There has been a lot of speculation in the cybersecurity community about what this consortium will be, how it will be formed, who will be included, and what the result will look like when all the dust settles. Cybersecurity experts like Eric Chin from Anchore and Dan Lorenc from Chainguard have been among the first to sound the alarm. The best of what we know thus far is that the NVD program manager, Tanya Brewer, said recently at a conference, that the NVD will be put into the hands of a group of vetted organizations, potentially as early as April of ‘24. However, we have not gotten any information on what the final product will look like. As of the time of this writing, over 4000 CVEs do not have associated analysis data – and it’s only getting worse by the day!

Most recently, NIST posted an update: “There is a growing backlog of vulnerabilities submitted to the NVD and requiring analysis. This is based on a variety of factors, including an increase in software and, therefore, vulnerabilities, as well as a change in interagency support. Currently, we are prioritizing analysis of the most significant vulnerabilities. In addition, we are working with our agency partners to bring on more support for analyzing vulnerabilities and have reassigned additional NIST staff to this task as well. We are also looking into longer-term solutions to this challenge, including the establishment of a consortium of industry, government, and other stakeholder organizations that can collaborate on research to improve the NVD.”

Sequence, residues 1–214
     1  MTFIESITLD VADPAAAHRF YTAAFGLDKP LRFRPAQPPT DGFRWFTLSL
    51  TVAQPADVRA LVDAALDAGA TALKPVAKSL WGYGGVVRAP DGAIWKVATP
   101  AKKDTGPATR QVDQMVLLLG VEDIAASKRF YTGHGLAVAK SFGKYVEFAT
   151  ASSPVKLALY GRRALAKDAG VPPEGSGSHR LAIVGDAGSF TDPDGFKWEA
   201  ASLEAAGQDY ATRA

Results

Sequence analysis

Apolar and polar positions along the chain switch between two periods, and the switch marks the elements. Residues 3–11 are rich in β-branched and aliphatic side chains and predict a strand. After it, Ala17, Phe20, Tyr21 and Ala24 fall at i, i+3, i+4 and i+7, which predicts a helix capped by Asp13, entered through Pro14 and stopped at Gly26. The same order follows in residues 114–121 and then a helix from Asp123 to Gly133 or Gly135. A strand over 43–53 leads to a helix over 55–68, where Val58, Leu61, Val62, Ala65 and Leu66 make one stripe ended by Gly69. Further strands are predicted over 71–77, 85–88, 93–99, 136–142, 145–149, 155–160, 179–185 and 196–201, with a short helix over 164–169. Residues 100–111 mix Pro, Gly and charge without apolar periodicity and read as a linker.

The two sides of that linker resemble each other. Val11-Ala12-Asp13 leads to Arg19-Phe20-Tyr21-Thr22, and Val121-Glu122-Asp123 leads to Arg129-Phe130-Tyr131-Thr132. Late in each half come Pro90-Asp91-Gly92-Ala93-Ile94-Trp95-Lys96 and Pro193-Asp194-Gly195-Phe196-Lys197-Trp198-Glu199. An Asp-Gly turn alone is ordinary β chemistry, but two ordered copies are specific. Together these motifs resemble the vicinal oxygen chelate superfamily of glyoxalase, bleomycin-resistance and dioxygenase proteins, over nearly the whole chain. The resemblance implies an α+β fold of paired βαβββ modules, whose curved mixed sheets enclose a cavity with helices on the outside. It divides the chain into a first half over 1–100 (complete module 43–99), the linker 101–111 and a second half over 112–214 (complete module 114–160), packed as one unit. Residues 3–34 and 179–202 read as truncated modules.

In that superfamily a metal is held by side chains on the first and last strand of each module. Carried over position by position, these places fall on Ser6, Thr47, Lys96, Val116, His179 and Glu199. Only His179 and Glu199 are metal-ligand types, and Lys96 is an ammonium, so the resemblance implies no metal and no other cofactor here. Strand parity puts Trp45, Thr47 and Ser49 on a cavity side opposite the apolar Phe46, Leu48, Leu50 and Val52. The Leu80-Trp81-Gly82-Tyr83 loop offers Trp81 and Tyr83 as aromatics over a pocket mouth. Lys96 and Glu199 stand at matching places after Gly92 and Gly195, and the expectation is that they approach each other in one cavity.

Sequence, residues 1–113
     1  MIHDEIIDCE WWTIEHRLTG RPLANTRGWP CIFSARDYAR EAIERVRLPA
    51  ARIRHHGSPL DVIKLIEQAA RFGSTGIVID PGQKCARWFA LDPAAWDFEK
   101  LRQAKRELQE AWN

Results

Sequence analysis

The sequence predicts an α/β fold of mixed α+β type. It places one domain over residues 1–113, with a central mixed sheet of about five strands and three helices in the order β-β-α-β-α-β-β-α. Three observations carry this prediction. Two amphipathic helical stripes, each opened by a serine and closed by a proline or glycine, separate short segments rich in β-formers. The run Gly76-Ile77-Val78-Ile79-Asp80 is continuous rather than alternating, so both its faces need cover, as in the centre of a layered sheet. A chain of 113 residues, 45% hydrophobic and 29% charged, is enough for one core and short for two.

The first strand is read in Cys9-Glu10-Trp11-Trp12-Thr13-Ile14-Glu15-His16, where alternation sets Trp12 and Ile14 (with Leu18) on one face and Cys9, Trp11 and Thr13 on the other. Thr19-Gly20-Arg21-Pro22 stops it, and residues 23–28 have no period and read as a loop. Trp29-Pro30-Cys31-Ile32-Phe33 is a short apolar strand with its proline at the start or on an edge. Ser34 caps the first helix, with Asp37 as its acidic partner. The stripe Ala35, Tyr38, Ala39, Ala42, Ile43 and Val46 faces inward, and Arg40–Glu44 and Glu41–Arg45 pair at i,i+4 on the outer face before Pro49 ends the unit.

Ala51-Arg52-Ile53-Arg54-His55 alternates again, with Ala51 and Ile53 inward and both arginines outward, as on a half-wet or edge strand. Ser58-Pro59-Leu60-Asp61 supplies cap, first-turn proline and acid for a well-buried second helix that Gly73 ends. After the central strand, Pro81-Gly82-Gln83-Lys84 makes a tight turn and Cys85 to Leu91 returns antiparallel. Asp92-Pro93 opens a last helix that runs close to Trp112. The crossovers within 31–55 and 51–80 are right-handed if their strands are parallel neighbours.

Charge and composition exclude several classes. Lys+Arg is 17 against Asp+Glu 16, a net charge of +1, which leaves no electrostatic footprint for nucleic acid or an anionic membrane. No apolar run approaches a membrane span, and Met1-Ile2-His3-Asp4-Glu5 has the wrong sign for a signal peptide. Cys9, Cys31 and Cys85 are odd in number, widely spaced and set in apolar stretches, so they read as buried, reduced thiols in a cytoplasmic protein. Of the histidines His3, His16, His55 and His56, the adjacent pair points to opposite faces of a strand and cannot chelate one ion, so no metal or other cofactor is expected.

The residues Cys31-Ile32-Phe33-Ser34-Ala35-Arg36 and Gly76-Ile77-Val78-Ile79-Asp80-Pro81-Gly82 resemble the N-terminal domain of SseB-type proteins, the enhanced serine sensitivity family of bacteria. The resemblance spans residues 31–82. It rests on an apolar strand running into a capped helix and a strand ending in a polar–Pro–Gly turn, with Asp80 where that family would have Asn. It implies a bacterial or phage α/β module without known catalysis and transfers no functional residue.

Since almost all security products consume this information at some level, the potential impact on the vulnerability management ecosystem could be devastating. Since the NVD slowed down adding CPEs to CVEs, most scan-only (no remediation) solutions are now ineffective. You can no longer tell if a certain app is vulnerable because there is no association between CVE numbers and app name/version pairs. Even one of the “BIG THREE” vulnerability management vendors, Qualys, acknowledges this to be an issue, meaning that even the largest vulnerability management vendor databases are likely nowhere near the depth and breadth of the NVD. The rest of the vuln scanning solutions are likely faring even worse.

The Good News

But here is the good news. When a vulnerability is found in any mainstream application, it drives code patches and new builds by the respective vendor (e.g., Google would release an update for Google Chrome). This makes a third-party patching solution like Action1 the only practical way to stay on top of vulnerabilities because such solutions still detect outdated apps (along with some CVE info) and provide remediation capabilities. Action1’s in-house security team monitors for new versions of all supported software, adds them to Action1’s privately maintained Software Repository along with the CVE information, effectively creating the CVE-to-CPE associations (without relying on the NVD), and delivers security updates from the software vendors themselves. Yes, this will not cover any new vulnerabilities that do not have patches yet, but it is so much better than not having any visibility into exploitable vulnerabilities.

You can rest assured as this transition occurs with the NVD, Action1 will be following it closely, and wherever it leads, we will adapt to continue to detect vulnerabilities that do not have released patches yet.

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What do you think about these recent developments? Let’s discuss this on the Action1 subreddit or Action1 Discord.